The August 1st Issue of The American

A little sun, a little rain, throw in some pollination, throw out the wicked insects and implore the weather gods to go easy on the heat waves and you might just end up with an abundant harvest of blueberries. And we might just. It’s our signature crop and ... as we speak ... it’s looking good.
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Law-breaking does not require an advanced college degree, but a modest amount of study would suggest that an extension cord stretching from an empty house to a peopled house might attract attention. People noticed. One of those people was a cop. Page 1.

A rainy summer day sounds like the very definition of a bummer. But what if those showers drove tourists indoors and into local stores? Ca-ching! Page 1.

We present today Part 2 in our series on retirees as an economic engine.
They pay their bills, they pay their taxes ... and they volunteer! Page 1.

And ponder the Law of Unintended Consequences as the Blue Hill Selectmen learn that their attempt to preserve the integrity of town roads has caused headaches for some local businesses that depend on said roads.

Inside today’s American is our annual “August in Ellsworth” section that is bursting with information about things to do, see and devour in Our Fair City this month. Such a happening place! Who knew?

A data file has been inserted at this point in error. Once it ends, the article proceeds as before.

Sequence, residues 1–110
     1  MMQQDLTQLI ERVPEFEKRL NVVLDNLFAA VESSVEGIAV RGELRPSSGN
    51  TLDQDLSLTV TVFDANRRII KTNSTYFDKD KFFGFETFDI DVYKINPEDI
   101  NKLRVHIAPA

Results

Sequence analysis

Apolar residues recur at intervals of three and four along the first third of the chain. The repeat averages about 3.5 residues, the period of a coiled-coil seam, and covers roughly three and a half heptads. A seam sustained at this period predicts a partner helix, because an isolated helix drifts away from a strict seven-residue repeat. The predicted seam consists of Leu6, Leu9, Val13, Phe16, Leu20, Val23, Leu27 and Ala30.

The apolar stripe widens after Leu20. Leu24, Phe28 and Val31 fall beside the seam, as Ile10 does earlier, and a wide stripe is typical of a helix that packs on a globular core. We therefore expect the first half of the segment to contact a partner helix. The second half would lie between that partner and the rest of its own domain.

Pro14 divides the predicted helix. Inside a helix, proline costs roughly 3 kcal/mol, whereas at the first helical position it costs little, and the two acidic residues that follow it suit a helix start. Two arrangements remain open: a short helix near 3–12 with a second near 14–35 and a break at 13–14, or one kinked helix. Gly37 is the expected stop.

All this plus cops and courts, a photo wrap-up of Ellsworth’s 250th birthday blowout, the Down East YMCA’s triathlon, business news and our scintillating Worship Page . Hallelujah!

All in The American. The Ellsworth American. Serving the Downeast community since 1851, the year Goodyear patented the hard rubber button. Hard rubber buttons were popular because they were so sturdy. Collectors call hard rubber buttons "Goodyear buttons." Charles Goodyear held the patent but did not make any buttons. Charles Goodyear's vulcanization patent expired in 1865. However, the Goodyear hard rubber patent of May 6, 1851 (covering buttons, combs, etc.) was extended (by Nelson Goodyear) in 1865 and did not expire until May 6, 1872.

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